by Jonathan Franzen
Symbolism, Imagery, Allegory
Let's just go ahead and say this straight up: in this book, birds represent freedom. Is it a coincidence that a book called Freedom is based around a small blue bird that migrates between North and South America? No, it doesn't seem to be a coincidence at all.
Franzen addresses this most directly in the book's final section, "Canterbridge Estates Lake." The birds that have long thrived in the area (i.e., around The Lake Formerly Known As Nameless Lake), and that Walter has loved watching since he was a teenager, are now being slaughtered by the cats belonging to Walter's new neighbors.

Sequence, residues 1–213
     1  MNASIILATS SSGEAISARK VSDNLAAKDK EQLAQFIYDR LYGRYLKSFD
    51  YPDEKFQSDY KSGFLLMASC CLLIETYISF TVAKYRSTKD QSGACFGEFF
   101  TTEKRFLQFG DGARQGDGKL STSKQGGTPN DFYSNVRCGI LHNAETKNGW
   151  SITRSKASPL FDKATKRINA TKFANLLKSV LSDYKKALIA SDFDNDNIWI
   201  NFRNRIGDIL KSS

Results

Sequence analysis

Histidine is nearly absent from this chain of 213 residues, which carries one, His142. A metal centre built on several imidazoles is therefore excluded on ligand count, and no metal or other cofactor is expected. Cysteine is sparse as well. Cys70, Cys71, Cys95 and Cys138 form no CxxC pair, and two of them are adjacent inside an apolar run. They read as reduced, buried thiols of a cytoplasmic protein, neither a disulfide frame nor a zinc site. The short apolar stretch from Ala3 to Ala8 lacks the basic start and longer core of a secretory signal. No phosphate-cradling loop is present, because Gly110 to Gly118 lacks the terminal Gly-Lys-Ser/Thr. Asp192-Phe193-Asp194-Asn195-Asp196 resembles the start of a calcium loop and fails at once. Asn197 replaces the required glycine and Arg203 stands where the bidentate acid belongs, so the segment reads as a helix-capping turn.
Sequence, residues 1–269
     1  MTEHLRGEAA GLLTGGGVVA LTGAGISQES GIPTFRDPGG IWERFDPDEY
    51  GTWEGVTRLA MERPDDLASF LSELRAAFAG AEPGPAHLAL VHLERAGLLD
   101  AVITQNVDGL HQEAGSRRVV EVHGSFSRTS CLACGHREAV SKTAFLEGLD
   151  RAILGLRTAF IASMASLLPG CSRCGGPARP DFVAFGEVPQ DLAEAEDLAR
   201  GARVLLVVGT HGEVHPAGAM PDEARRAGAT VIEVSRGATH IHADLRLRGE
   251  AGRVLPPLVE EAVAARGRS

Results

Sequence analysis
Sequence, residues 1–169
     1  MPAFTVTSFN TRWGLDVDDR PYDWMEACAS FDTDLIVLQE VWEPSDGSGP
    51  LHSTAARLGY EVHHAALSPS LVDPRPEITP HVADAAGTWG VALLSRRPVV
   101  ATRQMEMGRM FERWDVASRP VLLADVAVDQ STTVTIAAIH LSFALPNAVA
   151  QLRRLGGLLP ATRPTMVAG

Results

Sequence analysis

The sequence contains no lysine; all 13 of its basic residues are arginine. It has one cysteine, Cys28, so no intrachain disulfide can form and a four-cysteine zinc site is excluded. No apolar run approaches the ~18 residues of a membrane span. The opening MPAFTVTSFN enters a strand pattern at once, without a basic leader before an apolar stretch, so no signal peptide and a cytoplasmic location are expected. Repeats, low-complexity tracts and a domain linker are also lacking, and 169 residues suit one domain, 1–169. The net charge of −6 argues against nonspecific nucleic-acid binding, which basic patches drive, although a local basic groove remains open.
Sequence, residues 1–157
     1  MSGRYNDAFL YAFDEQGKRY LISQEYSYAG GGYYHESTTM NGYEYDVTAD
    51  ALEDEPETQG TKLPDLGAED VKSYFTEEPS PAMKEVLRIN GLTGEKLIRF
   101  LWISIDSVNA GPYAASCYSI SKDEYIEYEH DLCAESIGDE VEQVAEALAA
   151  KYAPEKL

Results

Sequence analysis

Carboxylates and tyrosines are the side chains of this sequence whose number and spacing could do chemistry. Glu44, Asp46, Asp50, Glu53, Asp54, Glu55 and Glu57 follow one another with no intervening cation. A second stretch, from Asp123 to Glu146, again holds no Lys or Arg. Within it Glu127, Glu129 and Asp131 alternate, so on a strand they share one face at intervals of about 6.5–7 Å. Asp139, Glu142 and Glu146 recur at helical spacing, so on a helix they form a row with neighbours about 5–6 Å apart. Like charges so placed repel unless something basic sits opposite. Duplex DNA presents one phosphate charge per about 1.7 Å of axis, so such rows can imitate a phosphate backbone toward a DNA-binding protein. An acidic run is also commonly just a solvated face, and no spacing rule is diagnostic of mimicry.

He tries doing something about the threat, and encourages his neighbors to keep their cats inside, and distributes "bibs" for the cats that hinder their ability to hunt (making him look all the crazier, but whatever). But nothing works.
Finally, when Walter and Patty move out, they donate their land to a local land trust, to become a bird sanctuary. In other words, these birds have always been free, but this area's no longer safe for them. They literally have to be kept in a big cage, to protect them from the new threats they face. Is this an endorsement of the Patriot Act's restriction of civil liberties? Or a call for greater awareness of the damage wasteful modern lifestyles are having on the planet? Maybe both? Or maybe not.